UCL School of Life and Medical Sciences


UCL awarded NIHR Global Health Research Unit on Mucosal Pathogens  

13 July 2017

UCL is to receive £6.8 million over 4 years from the National Institute of Health Research to establish a Global Health Research Unit on Mucosal Pathogens (MPRU).

Strategically placed within UCL's Global Health Grand Challenges, the MPRU is a world leading interdisciplinary partnership bringing together UK and LMIC investigators and institutions to address the limitations in the long-term effectiveness of vaccines though new approaches to interrupting mucosal pathogen carriage & transmission, and so the development of pneumonia, meningitis & sepsis.

Mucosal pathogens cause pneumonia, meningitis & sepsis in young children. These diseases lead to over 2 million deaths & substantial disability annually, primarily lower & middle income countries (LMICs). Vaccines have led to substantial reductions in childhood deaths but more effective control of mucosal pathogens is crucial if we are to ensure that vaccines work long-term. Knowledge from richer countries often cannot be used to determine best approach in LMICs where HIV & malaria, malnutrition, adverse climate & environments are common.

Based at the UCL Division of Infection & Immunity, the MPRU has forged partnerships with the Universities of Edinburgh, Liverpool, Oxford & Southampton, Liverpool School of Tropical Medicine, London School of Hygiene & Tropical Medicine and BUGs Bioscience in the UK with research centres in Kenya, Malawi, Mali, South Africa and The Gambia. The research programme will improve disease intelligence; develop new measures of immunity; test novel Interventions including vaccines; respond to outbreaks; and engage in a two-way dialogue with the public & policymakers.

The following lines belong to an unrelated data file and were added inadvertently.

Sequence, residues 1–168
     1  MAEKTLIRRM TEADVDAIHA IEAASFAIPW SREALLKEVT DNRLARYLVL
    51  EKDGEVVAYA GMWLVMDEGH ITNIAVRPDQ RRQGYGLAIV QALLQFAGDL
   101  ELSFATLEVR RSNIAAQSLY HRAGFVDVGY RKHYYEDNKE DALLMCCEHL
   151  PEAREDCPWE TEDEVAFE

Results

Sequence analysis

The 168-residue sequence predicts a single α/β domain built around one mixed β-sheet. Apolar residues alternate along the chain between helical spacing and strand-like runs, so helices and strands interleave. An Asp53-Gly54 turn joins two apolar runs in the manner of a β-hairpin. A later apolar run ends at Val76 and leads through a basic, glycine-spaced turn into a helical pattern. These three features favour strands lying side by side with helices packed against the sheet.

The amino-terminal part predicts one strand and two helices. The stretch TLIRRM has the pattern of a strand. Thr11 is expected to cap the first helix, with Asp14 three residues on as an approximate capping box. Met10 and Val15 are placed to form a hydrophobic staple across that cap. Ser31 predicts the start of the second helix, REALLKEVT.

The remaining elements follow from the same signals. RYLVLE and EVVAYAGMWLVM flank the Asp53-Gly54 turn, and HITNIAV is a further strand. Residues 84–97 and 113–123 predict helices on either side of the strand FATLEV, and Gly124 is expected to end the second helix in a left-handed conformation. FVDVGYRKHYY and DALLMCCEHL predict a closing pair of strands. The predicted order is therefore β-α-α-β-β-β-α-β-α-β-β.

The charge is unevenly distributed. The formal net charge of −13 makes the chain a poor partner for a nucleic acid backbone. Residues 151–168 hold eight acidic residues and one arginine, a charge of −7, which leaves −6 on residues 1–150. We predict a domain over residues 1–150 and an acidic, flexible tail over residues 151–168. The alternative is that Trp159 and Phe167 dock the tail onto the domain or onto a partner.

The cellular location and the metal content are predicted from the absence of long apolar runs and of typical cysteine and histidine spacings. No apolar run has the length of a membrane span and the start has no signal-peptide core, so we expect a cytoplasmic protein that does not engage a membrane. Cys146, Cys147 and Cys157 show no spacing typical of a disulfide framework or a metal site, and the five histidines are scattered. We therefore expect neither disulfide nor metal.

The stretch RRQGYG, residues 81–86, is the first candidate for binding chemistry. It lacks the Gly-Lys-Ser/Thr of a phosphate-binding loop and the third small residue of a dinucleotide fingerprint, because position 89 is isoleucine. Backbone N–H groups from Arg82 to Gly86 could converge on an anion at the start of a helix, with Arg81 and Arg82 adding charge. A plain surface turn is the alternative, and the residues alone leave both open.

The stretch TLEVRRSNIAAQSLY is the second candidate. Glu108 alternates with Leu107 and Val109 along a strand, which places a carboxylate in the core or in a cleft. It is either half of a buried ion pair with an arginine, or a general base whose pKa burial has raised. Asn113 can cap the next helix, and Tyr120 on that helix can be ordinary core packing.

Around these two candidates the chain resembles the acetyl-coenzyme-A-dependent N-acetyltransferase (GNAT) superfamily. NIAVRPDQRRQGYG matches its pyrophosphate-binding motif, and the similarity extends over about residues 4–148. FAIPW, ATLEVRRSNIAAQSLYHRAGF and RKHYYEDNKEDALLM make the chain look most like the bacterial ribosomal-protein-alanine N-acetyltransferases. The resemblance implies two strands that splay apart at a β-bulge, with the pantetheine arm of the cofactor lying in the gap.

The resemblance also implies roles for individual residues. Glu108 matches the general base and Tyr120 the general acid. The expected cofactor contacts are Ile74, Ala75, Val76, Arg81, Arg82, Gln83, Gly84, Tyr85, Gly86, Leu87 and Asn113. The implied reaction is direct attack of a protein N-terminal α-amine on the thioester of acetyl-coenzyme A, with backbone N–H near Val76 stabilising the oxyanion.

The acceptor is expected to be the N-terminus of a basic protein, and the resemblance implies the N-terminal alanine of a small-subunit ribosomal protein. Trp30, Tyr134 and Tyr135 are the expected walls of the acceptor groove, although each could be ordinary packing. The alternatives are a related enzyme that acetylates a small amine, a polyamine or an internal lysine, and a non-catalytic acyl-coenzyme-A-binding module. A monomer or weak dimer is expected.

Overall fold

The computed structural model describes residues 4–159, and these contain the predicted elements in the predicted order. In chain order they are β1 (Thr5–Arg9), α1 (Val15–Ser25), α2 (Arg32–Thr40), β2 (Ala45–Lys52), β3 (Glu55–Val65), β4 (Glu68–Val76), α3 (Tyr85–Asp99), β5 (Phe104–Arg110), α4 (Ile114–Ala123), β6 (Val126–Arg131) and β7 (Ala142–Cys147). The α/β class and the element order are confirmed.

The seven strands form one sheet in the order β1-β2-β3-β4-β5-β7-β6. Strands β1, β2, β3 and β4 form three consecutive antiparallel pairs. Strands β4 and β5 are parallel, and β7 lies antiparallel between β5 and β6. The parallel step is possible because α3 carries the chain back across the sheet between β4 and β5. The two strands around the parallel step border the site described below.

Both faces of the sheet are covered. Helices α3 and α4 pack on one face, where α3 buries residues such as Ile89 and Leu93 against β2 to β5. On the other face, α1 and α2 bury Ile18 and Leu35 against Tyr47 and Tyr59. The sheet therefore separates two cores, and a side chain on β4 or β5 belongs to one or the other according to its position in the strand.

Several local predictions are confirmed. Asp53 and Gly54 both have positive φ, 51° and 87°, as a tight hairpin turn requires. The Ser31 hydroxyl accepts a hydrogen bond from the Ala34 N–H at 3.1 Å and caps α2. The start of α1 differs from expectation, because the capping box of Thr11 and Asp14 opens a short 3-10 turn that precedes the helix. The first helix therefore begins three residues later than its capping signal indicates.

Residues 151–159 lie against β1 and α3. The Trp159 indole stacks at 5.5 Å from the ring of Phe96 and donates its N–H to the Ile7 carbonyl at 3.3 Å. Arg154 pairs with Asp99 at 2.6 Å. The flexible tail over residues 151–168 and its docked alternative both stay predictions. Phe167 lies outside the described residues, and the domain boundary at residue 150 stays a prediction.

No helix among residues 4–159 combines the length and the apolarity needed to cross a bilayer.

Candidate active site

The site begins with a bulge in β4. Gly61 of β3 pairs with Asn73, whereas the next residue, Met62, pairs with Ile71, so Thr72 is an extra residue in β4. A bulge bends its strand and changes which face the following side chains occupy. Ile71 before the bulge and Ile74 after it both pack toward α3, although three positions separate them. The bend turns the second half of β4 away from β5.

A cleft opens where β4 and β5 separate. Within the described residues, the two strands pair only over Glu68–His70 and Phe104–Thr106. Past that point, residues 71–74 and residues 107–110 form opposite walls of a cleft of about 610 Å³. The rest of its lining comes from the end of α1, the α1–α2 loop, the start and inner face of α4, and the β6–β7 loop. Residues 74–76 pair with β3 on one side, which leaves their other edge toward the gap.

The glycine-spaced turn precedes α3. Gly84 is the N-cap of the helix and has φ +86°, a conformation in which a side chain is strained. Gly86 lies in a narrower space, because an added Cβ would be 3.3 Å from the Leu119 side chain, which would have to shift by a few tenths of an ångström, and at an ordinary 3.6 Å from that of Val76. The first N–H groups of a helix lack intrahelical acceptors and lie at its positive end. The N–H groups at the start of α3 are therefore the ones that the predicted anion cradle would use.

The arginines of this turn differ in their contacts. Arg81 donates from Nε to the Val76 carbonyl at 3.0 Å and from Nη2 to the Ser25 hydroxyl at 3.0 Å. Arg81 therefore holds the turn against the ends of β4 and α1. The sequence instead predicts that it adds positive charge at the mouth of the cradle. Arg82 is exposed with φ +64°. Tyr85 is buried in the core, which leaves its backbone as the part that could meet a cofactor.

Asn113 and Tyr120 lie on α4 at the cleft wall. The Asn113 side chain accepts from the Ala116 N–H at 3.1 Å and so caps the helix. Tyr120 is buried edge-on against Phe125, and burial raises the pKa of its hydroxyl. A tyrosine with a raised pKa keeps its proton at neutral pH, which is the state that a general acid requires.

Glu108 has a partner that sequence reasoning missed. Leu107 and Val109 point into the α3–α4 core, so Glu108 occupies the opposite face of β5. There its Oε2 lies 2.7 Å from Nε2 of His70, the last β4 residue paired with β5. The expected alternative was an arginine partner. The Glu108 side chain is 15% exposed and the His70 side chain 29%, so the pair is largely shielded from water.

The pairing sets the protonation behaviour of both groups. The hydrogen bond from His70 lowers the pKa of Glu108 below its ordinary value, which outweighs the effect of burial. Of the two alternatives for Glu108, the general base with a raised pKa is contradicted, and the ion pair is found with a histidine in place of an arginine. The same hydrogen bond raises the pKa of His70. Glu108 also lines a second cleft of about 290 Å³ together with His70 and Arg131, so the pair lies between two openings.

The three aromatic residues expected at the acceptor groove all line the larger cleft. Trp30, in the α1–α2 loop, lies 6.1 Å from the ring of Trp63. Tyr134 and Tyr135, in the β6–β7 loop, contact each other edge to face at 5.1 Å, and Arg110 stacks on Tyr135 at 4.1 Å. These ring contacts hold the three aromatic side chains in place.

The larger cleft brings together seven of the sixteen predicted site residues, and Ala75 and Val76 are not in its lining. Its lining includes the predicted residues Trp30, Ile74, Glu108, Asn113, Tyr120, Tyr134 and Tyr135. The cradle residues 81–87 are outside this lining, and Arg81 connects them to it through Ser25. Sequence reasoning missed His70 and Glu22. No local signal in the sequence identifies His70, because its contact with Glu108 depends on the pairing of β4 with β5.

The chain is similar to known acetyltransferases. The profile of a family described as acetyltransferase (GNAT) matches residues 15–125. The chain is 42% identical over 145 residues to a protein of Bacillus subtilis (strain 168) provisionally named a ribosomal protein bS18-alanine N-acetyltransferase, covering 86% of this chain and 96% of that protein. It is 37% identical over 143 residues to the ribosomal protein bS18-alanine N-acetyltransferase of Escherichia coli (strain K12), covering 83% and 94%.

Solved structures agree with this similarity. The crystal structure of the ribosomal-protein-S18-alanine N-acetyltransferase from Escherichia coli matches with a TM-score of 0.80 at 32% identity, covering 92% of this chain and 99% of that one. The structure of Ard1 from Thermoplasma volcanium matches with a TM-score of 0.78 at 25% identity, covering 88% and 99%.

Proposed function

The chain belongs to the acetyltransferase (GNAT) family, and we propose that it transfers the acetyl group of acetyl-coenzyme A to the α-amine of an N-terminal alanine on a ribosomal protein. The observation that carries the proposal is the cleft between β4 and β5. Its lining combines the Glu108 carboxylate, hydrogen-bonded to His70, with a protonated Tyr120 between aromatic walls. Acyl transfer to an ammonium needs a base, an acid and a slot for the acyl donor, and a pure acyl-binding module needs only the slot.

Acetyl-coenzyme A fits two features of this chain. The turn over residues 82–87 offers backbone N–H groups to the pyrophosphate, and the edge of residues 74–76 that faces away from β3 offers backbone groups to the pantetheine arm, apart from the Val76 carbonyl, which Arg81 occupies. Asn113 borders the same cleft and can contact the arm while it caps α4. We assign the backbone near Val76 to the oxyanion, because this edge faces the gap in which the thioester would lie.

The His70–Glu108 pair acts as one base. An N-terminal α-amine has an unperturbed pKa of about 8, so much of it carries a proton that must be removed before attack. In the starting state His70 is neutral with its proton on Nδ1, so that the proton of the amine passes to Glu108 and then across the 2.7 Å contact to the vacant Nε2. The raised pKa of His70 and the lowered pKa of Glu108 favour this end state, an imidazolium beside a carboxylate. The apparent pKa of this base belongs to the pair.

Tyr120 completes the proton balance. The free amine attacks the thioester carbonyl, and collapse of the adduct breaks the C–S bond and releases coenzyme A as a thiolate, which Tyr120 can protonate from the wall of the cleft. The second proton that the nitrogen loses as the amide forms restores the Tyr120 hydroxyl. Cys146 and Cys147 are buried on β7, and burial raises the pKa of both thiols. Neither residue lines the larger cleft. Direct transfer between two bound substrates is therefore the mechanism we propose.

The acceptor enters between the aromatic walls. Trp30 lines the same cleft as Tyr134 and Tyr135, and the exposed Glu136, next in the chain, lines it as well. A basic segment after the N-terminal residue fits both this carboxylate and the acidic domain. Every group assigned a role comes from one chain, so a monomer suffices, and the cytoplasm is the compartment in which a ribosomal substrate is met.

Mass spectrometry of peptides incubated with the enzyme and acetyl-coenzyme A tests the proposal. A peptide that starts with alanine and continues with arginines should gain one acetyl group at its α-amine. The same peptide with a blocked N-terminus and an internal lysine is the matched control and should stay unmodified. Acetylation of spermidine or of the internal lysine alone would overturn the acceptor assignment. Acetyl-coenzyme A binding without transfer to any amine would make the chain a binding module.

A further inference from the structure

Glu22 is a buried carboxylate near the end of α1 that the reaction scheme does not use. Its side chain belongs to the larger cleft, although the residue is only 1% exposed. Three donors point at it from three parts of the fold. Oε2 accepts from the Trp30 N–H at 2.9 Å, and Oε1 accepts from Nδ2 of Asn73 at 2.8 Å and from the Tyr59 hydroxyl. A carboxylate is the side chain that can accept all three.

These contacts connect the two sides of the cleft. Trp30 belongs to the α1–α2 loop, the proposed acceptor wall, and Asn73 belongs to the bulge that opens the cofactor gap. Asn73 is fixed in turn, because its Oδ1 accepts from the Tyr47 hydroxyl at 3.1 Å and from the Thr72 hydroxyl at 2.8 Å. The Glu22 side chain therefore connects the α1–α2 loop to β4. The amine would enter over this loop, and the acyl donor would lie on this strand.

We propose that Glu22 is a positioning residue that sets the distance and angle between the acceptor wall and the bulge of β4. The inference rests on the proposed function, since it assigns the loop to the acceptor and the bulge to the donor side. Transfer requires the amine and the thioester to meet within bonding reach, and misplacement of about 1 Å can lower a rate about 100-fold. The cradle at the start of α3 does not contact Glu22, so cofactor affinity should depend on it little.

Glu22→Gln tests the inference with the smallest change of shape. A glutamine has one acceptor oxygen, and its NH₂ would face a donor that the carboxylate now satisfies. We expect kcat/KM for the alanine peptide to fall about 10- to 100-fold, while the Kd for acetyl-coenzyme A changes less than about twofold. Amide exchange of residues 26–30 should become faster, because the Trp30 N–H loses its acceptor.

Professor Rob Heyderman, Director of the MPRU, said: "The award of a Global Health Research Unit will establish an internationally leading research partnership led by African & International Scientists, pursuing scientific excellence, training young scientists and improving the health of people in poorer countries through vaccination and other interventions"

An important focus of the MPRU's work will be the training of early career scientists in research - the people who will become future research leaders. The MPRU will host 4 PhD students from LMICs, and will undertake postdoctoral training workshops to enhance research capacity at partner institutions in Africa.